The Center appointed Warwick A. Rothnie as the sole panelist in this matter on April 23, 2020. The Panel finds that it was properly constituted. The Panel has submitted the Statement of Acceptance and Declaration of Impartiality and Independence, as required by the Center to ensure compliance with the Rules, paragraph 7.
4. Factual Background
The Complainant’s are members of the same corporate group.
The First Complainant is the oldest French deposit bank having been established in 1859 by an imperial decree signed by Napoleon III. It was nationalized in 1982 and privatized in 1997. It currently has more than 4.7 million clients with more than 2,000 agencies throughout France and 38 abroad. It operates a website providing information about, and access to, its services located at “www.cic.fr”.
Amongst other things, the First Complainant is the owner of European Union (“EU”) Registered Trademark No. 005891411, CIC, which was registered on March 10, 2008 in respect of a range of goods and services in International Classes 9, 16, 35 and 36. The First Complainant is also the owner of French Registered Trademark No. 1358524, C.I.C., which has been registered since 1986 in respect of relevant services in International Classes 35 and 36.
The Second Complainant describes itself as the second French banking and insurance services group. It has some 12 million customers and a network of 3,178 offices throughout France. It provides services and information via web portals accessible at “www.creditmutuel.com” and “www.creditmutuel.fr”. According to the Complaint, customer access to their accounts is through the latter URL.
Amongst other things, the Second Complainant is the owner of EU Registered Trademark No. 009943135, CRÉDIT MUTUEL, in respect of a range of goods and services in International Classes 9, 16, 35, 36, 38, 41, 42 and 45. This trademark has been registered since October 20, 2011. It is also worth noting that the Second Complainant is the owner of registered trademarks for a coloured representation of “CRÉDIT MUTUEL” and a figurative device which have been registered in France, Trademark No. 1475940, in International Classes 35 and 36 since 1988 and an International Registration No. 570182 designating Benelux, Italy and Portugal, which has been registered since 1991.
According to the Complaint, under French ministry order No. 58-966 of October 16, 1958, the exclusive use of the name CRÉDIT MUTUEL in France has been reserved to the Second Complainant.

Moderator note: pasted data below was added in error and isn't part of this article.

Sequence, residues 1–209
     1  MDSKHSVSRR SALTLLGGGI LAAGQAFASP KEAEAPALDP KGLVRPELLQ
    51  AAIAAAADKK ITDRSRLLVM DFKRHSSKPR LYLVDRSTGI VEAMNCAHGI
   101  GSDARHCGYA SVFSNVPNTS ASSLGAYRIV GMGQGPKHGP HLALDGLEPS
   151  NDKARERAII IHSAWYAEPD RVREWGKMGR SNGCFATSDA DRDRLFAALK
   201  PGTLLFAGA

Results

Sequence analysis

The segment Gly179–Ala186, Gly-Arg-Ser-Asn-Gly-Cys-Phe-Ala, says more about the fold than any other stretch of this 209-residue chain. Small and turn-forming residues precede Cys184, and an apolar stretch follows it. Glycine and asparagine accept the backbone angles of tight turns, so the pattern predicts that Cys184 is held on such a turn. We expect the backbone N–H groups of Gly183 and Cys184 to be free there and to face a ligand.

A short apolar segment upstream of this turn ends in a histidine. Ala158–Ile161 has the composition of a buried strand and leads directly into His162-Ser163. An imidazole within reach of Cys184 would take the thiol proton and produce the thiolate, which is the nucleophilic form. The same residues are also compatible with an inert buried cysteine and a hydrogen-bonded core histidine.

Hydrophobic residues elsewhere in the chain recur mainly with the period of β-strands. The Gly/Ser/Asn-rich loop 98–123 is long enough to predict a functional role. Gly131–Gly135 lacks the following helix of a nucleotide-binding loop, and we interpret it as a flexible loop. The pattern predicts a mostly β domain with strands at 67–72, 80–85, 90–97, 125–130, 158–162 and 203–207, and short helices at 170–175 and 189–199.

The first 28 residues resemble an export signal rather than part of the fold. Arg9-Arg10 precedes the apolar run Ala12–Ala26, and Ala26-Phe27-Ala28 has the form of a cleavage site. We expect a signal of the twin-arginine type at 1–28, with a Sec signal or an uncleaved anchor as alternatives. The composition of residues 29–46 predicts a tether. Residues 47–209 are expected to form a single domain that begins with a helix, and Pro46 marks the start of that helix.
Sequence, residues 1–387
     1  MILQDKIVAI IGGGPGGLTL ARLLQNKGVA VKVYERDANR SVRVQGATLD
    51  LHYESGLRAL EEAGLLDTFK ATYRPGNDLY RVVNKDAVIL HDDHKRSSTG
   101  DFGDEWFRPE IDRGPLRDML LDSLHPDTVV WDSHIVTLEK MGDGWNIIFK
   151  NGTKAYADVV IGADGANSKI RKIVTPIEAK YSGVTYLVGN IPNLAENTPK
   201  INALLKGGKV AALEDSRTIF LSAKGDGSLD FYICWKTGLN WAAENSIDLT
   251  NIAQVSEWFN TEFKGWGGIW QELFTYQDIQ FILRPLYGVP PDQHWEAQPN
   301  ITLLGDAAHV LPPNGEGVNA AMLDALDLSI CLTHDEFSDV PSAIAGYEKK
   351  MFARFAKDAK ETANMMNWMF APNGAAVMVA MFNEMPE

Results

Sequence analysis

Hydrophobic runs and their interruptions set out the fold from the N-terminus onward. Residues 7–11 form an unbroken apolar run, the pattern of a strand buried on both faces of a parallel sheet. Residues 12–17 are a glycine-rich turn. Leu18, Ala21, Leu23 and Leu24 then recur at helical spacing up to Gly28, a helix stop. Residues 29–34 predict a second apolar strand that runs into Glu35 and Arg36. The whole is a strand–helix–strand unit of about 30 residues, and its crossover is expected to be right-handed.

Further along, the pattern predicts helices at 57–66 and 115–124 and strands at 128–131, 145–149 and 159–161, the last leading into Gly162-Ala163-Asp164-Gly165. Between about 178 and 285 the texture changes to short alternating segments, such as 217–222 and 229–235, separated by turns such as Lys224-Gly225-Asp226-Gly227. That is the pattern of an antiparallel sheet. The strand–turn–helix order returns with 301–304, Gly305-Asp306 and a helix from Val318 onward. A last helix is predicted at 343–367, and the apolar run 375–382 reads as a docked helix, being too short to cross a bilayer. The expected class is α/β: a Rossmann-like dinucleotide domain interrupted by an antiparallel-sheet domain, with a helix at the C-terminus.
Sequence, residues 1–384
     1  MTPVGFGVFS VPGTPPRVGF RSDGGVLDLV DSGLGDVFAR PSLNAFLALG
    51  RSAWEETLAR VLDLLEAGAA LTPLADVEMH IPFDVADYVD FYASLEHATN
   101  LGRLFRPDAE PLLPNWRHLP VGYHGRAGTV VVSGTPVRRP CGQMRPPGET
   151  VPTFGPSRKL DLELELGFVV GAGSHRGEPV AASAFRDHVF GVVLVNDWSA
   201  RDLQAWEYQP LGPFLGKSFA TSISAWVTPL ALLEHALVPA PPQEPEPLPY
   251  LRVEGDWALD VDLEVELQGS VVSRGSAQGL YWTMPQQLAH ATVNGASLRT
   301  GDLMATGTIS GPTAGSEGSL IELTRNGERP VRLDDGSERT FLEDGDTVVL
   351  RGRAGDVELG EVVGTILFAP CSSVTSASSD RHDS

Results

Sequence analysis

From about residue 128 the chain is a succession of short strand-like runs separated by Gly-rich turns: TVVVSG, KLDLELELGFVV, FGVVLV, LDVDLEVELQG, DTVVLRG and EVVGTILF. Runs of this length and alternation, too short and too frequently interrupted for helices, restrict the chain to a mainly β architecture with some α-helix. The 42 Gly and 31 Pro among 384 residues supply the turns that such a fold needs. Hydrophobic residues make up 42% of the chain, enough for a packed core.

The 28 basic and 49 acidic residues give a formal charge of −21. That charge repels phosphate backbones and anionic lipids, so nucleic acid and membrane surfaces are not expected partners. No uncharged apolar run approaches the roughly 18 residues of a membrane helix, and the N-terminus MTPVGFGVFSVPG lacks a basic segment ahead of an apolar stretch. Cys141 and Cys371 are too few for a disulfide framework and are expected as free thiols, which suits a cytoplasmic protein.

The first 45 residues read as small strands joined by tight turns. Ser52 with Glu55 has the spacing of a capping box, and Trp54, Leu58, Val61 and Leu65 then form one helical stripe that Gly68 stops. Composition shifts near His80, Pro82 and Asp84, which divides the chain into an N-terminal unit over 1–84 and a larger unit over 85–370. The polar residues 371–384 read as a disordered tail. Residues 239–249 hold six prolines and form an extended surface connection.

As noted above, all of the disputed domain names were registered between December 4, 2019 and January 5 2020. If one attempts to browse to:
(e) <credit-mutuel-espace-client-mobile-securite.net>; or
access is blocked and the browser displays a warning that the site attempted to be accessed may contain malicious content. None of the other disputed domain names has resolved to an active website.
5. Discussion and Findings
No response has been filed. The Complaint has been sent, however, to the Respondents at the physical and electronic coordinates confirmed as correct by the Registrar in accordance with paragraph 2(a) of the Rules. Bearing in mind the duty of the holder of a domain name to provide and keep up to date correct WhoIs details, therefore, the Panel finds that each Respondent has been given a fair opportunity to present his or its case.
When a respondent has defaulted, paragraph 14(a) of the Rules requires the Panel to proceed to a decision on the Complaint in the absence of exceptional circumstances. Accordingly, paragraph 15(a) of the Rules requires the Panel to decide the dispute on the basis of the statements and documents that have been submitted and any rules and principles of law deemed applicable.
Paragraph 4(a) of the Policy provides that in order to divest the Respondent of the disputed domain name, the Complainant must demonstrate each of the following:
(i) the disputed domain name is identical or confusingly similar to a trademark or service mark in which the Complainant has rights; and
(ii) the Respondent has no rights or legitimate interests in respect of the disputed domain name; and
(iii) the disputed domain name has been registered and is being used in bad faith.
A. Consolidation of Complaints
The Complainants have requested consolidation of their complaints as the disputed domain names have been registered in the names of a number of different entities.
Paragraph 3(c) of the Rules expressly permits a complaint to relate to more than one domain name where all the domain names are registered by the same domain name holder. Notwithstanding this express provision, panels have frequently held that the Panel’s powers under paragraph 10(e) of the Rules may permit consolidation of multiple domain name disputes, subject to satisfaction of the other requirements of Policy and Rules. In particular, paragraph 10(b) of the Rules requires the Panel to ensure that all parties are treated equally and each is given a fair opportunity to present his, her or its case.